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The inside story

Barn of broken dreams

May 10, 2011

By Selena Davis, guest contributor


Before her contractor started work on Tina Cox’s project, he asked for half of the money up front – that alone should have been a red flag.

“I wrote him a check because he said work would start the following Monday,” said Tina, a Toutle foster mom of five.

Professional contractors say they typically collect funds as work is completed. The first step in making sure you are dealing with a professional is checking to confirm the person you hire is registered, bonded and insured.

In Tina’s case, the contractor had already done some small work around her river-bank property and gained her trust.

The check was cashed but the contractor did not start work on Monday. In fact, nobody showed up at Tina’s house for two weeks. When she called, she was always promised work would start the next day or given an excuse.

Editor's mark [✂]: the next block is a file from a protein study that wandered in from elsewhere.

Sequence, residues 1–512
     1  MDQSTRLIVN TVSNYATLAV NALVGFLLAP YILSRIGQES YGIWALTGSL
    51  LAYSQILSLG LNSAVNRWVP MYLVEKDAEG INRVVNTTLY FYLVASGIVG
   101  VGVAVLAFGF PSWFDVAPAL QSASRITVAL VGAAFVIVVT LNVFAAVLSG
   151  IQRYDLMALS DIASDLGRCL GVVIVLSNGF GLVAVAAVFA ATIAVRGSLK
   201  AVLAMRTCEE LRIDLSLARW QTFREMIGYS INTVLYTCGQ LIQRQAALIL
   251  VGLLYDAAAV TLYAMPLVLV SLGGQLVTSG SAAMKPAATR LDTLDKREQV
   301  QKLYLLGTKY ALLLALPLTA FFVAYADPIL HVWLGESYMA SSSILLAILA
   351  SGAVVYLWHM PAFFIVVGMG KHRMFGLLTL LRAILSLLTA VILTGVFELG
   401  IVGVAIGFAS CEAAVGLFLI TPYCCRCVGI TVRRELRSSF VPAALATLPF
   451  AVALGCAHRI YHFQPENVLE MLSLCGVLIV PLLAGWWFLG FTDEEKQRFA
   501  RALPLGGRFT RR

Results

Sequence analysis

“I can’t tell you how much heartache this project has caused,” she said.

Tina dreamed of constructing a pole barn that would double as a dog kennel and a training center. She wanted to make the facility available for foster children to work with her specially-trained german shepherds.

“The dogs are so good for children,” Tina said.

Tina found her contractor in a phonebook advertisement. In the ad, the contractor claimed to be bonded and insured. Tina thought she was being careful.

“I got multiple bids,” she said. “He wasn’t the highest. He wasn’t the lowest. He was in the middle. It seemed a fair price for the job; and I trusted it would get done. ”

But no homeowner should go just with trust. Tina was unaware that L&I is Washington State’s authority in contractor registration. She checked with the city to ensure he had a business license, but a business license alone does not mean the contractor has insurance and a bond in case something goes wrong with a project.

At the start of her project, Tina agreed to pay the contractor $12,000 to pour the foundation concrete and assemble the pole barn.

What was supposed to be a two-week job turned into a multi-month nightmare. The contractor himself did not appear on the job site again, instead sending unknown “associates” to do small jobs like removing stumps and area prep work.